A Traditionalist’s Guide to Thinking About (and Going About) Non-conventional Intimate Relationships, Part II

I. Personal experiences that have contributed to both pro- and anti- ideas

II. Different relationship formats, relationship components, and how format affects the maintenance of these components

III. Analysis of relationship formats and their principles, and thoughts about how to discuss and go about them while maximizing potential and minimizing harm

These are the formats: One-night stands, Marriage, Sex work, Dating, Open relationship, Multiple dates (w/ Group relationships, Group sex), Recurring casual sex, Friends with benefits, and Cheating.

A few caveats: These formats I discuss below reflect the relative ease or difficulty of achieving the format in its ideal (roughly in order of easier to more difficult). In its ideal, no format is better or worse than the other. This also leads to the definition of a “traditionalist” in the title – I am not a traditionalist in the sense that I believe traditional relationship formats like marriage are the best, but in the sense that I believe in using guidelines, whether pre-set or arranged cases by case, to ensure that people treat each other fairly and with consistency. From my experiences discussed in Part I, I have doubts about whether certain formats today can smoothly facilitate this. So, this post is to try and, as objectively as possible, break relationship expectations down to common components, and evaluate whether various formats can or cannot easily allow guidelines to be created and followed based on these components.

These components are not really rules; I don’t necessarily believe that there should be laws governing interpersonal life. I am also not considering the wider social ramifications of intimate relationships, because I’m not even sure there is a correlation between them. My focus is the individuals that are involved in conventional and unconventional intimate relationship and what contributes, or does not, to them treating one another with fairness, though I will go more social in the next post when I discuss the valence media attaches to them and the meaning they have for peer or family groups in the next post.

Components in intimate relationships:

1) Informed consent: the hard legal version, or a soft non-legal version that involves disclosing or failing to disclose information that would influence another’s decision to stay in the relationship.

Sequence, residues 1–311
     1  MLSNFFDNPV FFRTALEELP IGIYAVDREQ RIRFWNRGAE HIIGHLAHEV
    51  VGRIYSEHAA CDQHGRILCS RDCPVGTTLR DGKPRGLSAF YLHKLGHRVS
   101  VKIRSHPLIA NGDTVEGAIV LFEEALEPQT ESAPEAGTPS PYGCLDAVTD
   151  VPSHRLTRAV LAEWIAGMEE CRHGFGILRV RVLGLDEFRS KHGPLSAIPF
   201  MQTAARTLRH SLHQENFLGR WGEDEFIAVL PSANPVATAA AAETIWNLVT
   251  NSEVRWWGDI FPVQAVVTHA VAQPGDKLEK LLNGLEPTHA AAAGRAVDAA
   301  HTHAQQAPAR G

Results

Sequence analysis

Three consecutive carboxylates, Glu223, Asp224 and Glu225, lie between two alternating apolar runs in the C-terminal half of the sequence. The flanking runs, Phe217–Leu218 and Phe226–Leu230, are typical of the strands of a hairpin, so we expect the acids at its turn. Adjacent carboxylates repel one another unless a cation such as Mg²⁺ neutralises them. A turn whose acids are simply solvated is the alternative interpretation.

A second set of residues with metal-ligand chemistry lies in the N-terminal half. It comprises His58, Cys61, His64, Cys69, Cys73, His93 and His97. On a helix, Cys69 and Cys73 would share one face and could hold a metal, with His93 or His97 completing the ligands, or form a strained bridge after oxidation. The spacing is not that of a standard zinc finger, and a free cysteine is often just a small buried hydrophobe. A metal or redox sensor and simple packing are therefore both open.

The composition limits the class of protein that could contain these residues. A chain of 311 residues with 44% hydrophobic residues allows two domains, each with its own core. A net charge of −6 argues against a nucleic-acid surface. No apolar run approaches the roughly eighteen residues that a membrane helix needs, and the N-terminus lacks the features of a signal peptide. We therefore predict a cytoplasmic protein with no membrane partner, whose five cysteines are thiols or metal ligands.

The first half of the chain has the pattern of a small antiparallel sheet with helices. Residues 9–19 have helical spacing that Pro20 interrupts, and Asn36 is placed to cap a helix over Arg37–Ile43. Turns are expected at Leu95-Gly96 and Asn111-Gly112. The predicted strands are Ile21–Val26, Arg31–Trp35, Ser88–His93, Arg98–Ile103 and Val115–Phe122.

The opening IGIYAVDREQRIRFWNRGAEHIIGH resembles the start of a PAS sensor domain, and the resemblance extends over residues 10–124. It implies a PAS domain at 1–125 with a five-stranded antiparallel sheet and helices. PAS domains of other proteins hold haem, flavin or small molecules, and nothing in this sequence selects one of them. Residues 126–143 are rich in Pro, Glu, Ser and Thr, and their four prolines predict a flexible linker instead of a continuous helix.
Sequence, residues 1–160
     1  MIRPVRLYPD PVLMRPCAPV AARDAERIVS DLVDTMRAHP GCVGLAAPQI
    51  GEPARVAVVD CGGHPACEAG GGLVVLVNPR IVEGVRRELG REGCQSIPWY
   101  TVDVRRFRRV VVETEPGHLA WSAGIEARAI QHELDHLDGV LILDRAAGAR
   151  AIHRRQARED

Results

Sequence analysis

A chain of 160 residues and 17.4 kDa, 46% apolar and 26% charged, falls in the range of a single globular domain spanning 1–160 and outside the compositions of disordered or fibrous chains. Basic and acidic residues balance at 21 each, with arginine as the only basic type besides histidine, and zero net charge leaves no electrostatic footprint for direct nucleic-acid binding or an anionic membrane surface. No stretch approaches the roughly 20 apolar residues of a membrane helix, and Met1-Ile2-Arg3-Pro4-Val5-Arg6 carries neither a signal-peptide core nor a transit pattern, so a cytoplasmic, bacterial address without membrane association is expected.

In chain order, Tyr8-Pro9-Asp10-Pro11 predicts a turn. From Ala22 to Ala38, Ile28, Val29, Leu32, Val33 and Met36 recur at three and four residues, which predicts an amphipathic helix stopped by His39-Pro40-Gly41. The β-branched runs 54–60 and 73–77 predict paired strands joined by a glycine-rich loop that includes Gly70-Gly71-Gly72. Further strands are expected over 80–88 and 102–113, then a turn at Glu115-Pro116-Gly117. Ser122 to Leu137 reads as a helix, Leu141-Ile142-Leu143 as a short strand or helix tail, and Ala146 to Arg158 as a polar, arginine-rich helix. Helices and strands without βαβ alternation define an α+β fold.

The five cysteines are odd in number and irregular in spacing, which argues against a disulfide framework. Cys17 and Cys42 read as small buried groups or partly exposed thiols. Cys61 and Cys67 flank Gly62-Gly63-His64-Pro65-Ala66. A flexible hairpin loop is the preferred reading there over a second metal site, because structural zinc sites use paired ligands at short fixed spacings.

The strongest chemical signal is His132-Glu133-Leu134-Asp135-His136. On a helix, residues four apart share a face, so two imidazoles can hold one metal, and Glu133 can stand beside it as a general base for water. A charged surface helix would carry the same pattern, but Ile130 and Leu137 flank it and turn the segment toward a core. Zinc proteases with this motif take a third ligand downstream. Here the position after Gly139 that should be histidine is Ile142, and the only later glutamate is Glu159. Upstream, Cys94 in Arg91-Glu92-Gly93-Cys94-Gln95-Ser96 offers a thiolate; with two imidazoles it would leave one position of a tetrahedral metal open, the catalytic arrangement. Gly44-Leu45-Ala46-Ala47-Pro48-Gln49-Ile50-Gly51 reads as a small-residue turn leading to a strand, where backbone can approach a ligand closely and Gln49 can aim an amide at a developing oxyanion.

2) Resources: both material, like money, or immaterial, like time, used to calculate components below.

3) Proportionality: an individual tends to expend resources for / ask resources of another individual (level of involvement), proportionate to the type of relationship or proportionate to how they feel about them. The feeling can be varied, such as affection, duty, sense of social status.

4) Reciprocity: of both feelings and expenditure of resources; all individuals involved tend to reciprocate one another’s feelings at roughly the same levels, and tend to contribute resources on equal levels with the others, even if these resources take different form for each.

4.5) Agreement – ie, reciprocity of opinion / information. Does the same intimate action or the same relationship label mean the same thing to all individuals involved? Does having a relationship take up equal importance for all individuals relative to the rest of their lives, and does everyone agree on what “important” entails? When this factor is at play regarding future prospects, the expression is “having expectations”.

I believe that these components are all involved for intimate relationships, whatever their format. When they all exist (or when they can be easily evaluated and deemed to exist), it would be a satisfactory relationship. When there is no informed consent or resources to spare at all, relationships tend not to happen; when proportionality and reciprocity are lacking, conflict arises. The complaint “I do X but you never do X” is a matter of reciprocity, or an issue in communication problems like, “You don’t need to yell about something like Y” is a matter of proportionality (is yelling proportional to the gravity of the issue?).

However, a satisfactory relationship doesn’t necessarily mean a happy relationship, or vice versa. The 3 relationships I listed in Part I brought me a lot of happiness in various ways but none of them were satisfactory, and so they attracted me enough for me to begin, but they tend not to last.


As mentioned, the formats and components I discuss below reflect the relative ease or difficulty of achieving the format in its ideal and no format is better or worse than the other in its ideal. I will go in the order of the most easy to achieve to the most difficult.

One-night stands

Hard informed consent is covered by laws regarding rape and sexual assault and there is a robust structure facilitating precautions taken against STIs. In casual sex, resources aren’t much of a consideration. As interaction is brief, there are also no major concerns over proportionality. The reciprocity and proportionality is based mainly if not solely on attraction; whether the criteria of attraction is present and reciprocated can be easily evaluated. Finally, most likely people who participate in sex with others they have just met understand that the meaning of intercourse is just the intercourse, and so there is unlikely to be any disagreement.